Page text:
That's because the boss who barely acknowledges your presence is less likely to give you promotions, new projects — or even a pay raise. And the inattentive boss can hurt your career in the long run as you're unable to gain the skills and new opportunities you need to remain valuable in the job marketplace.
So, what's the solution?
"You need basic things in your work life to succeed, such as clear expectations and parameters. If not, you're more likely to go in the wrong direction," says Tulgan, founder ofRainmaker Thinking and author of It's Okay to Manage Your Boss (Jossey-Bass, $23.95). "A boss should take responsibility for making sure you have what you need, but if not, then you need to take care of it yourself."
The thought of managing a boss may seem intimidating, frightening — or even ludicrous — to some workers. But Tulgan says it's not that difficult, especially if the alternatives are considered.
"If you don't have a regular dialogue with a boss, then almost always by default (the boss) will manage you when things are going wrong, meaning it's a bad-news dialogue," he says. "Problems have gotten out of control, you're going in the wrong direction — and it's weeks before you know it."
He notes that "what separates the high performers from the low performers is that high performers make sure they're engaging the boss."
If you have a boss that has a leave-me-alone-and-figure-it-out-on-your-own attitude, then it's time to put some steps in place to better manage the relationship. Tulgan suggests workers should:
• Corner the boss. Sometimes you have to be a bit sneaky to track down a boss for some one-on-one time, so it may take a bit of homework such as observing patterns of behavior or schedules to find the best time to talk to the boss.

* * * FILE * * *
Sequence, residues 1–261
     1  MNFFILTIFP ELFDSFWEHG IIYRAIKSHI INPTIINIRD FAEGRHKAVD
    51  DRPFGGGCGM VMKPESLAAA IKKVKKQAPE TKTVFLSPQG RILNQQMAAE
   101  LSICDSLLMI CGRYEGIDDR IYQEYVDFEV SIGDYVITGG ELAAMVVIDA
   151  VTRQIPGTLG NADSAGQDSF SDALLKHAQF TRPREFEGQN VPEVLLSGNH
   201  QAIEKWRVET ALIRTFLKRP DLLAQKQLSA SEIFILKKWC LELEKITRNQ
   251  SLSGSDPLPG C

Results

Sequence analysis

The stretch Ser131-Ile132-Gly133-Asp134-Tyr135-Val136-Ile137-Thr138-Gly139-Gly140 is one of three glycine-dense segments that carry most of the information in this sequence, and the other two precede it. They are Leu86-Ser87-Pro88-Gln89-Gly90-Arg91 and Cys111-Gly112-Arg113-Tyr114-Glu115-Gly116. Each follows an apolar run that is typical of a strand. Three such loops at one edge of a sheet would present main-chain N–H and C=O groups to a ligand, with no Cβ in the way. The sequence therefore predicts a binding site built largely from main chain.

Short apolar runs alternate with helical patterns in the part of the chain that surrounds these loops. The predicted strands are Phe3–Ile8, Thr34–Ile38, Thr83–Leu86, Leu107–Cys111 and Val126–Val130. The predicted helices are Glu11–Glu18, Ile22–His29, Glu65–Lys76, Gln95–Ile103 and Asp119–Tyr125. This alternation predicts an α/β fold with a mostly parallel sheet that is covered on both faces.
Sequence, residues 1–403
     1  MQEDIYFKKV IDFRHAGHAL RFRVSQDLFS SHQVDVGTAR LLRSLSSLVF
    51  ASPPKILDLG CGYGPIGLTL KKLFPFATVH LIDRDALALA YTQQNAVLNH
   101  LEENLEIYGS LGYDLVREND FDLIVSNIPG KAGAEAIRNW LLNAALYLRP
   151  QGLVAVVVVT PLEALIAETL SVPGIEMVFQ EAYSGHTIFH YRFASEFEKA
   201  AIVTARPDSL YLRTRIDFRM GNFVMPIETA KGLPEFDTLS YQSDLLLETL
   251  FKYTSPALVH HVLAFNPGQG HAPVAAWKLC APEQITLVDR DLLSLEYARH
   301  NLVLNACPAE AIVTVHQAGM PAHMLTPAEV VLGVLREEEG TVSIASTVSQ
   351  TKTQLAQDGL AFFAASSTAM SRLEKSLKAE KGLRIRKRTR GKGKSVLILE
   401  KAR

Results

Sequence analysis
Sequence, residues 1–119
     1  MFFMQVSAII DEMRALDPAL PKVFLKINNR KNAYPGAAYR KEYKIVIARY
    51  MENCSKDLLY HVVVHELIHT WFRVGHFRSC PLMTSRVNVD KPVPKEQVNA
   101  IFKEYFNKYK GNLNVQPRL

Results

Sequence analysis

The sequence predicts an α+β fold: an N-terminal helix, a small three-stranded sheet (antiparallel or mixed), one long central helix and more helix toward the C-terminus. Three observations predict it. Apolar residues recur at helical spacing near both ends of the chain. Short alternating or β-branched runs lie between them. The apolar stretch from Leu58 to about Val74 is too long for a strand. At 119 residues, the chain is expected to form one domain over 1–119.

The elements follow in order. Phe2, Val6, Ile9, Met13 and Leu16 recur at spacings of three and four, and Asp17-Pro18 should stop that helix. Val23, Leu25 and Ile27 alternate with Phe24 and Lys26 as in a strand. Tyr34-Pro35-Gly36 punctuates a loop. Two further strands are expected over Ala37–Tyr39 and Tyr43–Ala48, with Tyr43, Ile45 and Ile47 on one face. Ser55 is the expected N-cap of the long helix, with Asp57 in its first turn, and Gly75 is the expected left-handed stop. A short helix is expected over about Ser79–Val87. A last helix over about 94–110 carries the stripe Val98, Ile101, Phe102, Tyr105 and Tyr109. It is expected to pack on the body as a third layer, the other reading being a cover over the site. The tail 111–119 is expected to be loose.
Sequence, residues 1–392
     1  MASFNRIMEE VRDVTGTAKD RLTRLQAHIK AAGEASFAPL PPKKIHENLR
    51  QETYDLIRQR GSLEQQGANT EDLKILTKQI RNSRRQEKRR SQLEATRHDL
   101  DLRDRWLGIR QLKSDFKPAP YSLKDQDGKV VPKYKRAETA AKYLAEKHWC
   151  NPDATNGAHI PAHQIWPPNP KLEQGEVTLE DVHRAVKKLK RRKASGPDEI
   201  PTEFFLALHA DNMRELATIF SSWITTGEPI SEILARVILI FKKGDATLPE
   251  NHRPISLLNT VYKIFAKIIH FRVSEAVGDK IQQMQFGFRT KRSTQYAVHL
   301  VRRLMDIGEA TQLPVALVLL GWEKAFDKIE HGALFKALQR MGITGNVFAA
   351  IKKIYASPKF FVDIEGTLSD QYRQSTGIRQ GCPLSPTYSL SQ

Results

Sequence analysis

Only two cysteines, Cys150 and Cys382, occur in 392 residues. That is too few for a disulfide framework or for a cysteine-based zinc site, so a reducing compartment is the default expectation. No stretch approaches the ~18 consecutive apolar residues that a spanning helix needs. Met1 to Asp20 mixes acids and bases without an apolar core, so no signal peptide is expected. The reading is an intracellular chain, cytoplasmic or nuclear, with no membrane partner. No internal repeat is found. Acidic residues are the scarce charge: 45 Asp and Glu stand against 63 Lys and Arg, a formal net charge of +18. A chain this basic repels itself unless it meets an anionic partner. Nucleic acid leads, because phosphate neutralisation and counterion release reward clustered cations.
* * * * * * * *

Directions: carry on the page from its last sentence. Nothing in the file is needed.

These conversations shouldn't be long and rambling. In fact, the boss will probably appreciate a written agenda of items from you, clearly outlining the areas where you need input, such as work, performance feedback and available resources to get your job done.
• Value human interaction. If you work remotely, don't just depend on e-mail to interact with your boss. It's important to meet face to face when possible and use scheduled phone conversations to better communicate.
Group meetings don't count — you need time alone with the boss.
• Be thorough. One of the most important parts of managing a boss is making sure you're on the same page. That means you should write down everything you and the boss agree on and further keep notes on your progress, future plans and how you're completing the work.
This written track record is key when a boss doesn't keep his or her own records of your progress, Tulgan says.
Sometimes — despite all your efforts — a boss refuses to engage. In that case, Tulgan says, it may be time to go "boss shopping."
"If you've got a boss in name only, you may want to find someone else to be your boss. You can deputize the boss' boss, or the boss' lieutenant. You start bringing this person into the loop regarding what you're doing in your job," Tulgan says.
Another advantage of finding a boss that is willing to be more involved in your career is the message it sends about your commitment, he says.
"Other people will notice that you're a self-starting high performer who has a reputation of getting things done — and they'll want you working for them," Tulgan says.
Do you think such a strategy is viable -- that any worker could use it? What other suggestions do you have?